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I know that it is important to keep letters when you're asked for proof of address, bank statements, licenses etc etc, but how long should you keep these? I currently have paperwork dating back to 1997 and it's taking up way too much space. I've noticed that you're normally just asked for 3 months worth of paperwork when you need to prove your address etc. Can there be a situation where you could be asked for more than 3 months worth to prove something else?

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3 Answers 3

Assuming you're in the United States, see http://www.irs.gov/businesses/small/article/0,,id=98513,00.html and http://www.cpa.net/resources/retengde.pdf for some recommendations. How long you need to keep records depends on what they are. Anything from "discard as soon as the credit card bill arrives" (for receipts from credit card purchases that have no possible return or warranty impact) to "keep forever" (birth certificates, wedding/divorce records).

Many people are moving toward keeping things electronically. Scanned or born-digital documents don't take a lot of space, and are easy to keep forever. If you take this approach, be certain you have a good (and tested) backup process in place.

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  1. In USA, tax records must be kept for periods of time that depends on the situation. My recommendation is to keep them indefinitely.

  2. Transaction records for items that may be taxable in the future such as investment purchase receipts keep them until you sell the investment. Afterwards, if they are declared on a tax return, keep them with the tax records.

  3. Purchase receipts and warranty certificates of significant items (expensive) better be kept until the item is retired.

  4. Insurance policy until it expires.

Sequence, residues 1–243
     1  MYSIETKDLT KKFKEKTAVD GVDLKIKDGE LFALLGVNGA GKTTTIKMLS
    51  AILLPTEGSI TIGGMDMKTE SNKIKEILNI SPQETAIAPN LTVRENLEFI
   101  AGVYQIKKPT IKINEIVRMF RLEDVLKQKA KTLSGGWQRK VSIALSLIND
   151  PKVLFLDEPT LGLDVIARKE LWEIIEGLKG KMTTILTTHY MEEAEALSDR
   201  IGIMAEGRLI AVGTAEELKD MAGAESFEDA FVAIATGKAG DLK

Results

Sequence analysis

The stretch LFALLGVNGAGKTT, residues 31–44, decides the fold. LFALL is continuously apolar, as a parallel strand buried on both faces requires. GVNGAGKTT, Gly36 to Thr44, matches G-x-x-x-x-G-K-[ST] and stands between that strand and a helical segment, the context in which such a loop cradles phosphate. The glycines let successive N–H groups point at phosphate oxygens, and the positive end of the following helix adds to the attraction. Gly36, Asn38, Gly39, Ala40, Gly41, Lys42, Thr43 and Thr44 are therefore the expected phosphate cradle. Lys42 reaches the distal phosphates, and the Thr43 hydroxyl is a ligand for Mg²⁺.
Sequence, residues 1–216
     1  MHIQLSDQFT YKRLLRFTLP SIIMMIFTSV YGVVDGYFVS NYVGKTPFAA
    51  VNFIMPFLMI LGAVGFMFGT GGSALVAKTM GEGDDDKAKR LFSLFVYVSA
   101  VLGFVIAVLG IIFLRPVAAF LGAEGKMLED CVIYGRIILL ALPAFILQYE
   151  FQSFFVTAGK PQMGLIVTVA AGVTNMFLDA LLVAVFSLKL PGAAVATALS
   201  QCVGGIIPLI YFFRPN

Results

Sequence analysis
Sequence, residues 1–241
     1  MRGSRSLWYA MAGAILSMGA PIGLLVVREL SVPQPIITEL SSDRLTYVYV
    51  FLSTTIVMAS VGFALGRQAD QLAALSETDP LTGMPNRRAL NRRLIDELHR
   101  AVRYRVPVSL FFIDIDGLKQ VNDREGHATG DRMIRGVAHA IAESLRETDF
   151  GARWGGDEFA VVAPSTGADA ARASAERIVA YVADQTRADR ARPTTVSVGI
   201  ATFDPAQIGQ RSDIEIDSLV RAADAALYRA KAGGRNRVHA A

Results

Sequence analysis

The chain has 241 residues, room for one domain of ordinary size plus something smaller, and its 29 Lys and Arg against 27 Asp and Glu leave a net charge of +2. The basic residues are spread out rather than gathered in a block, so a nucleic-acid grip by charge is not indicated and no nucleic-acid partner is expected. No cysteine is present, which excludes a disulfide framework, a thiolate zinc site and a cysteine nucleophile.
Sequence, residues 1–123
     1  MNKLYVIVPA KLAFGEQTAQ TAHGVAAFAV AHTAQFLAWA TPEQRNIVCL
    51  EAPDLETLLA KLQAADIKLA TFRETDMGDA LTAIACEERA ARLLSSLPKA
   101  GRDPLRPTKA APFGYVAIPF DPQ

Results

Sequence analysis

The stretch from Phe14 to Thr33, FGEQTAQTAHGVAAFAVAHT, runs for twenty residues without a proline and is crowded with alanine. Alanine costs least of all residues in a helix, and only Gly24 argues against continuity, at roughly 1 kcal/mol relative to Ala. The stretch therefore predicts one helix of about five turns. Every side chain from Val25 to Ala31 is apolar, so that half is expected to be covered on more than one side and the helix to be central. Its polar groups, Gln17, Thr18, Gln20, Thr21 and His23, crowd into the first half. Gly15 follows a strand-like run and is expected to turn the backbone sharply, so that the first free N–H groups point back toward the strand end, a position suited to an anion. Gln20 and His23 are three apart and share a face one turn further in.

If you receive most documents in electronic form and scan the paper documents, you can retain them for ever without worrying about it. Storage media are now large and low cost.

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1997? Wow.

Tax records need to be saved for three to seven years depending on jurisdiction. Take the advice given in other answers, and make individual decisions based on the nature of the record. By and large though, if you have paid a bill, shred and chuck it. The only time this (proof of address history) has ever come into play for me, and I have moved many times, was either to get credit or to vote. I don't think this is much of a concern anymore, but save one or two sample bills to prove address if a drivers license won't suffice.

If you feel the need to retain, scan and store digitally. If the record is important you might consider storing them in the cloud (eg: Google Docs or another online storage solution) and/or Email them to an online account you create just for that purpose. If privacy is a concern, ignore the last suggestion and burn a copy onto a CD/DVD and store somewhere else for safety.

Enjoy the newly freed space when you finally decide to purge!

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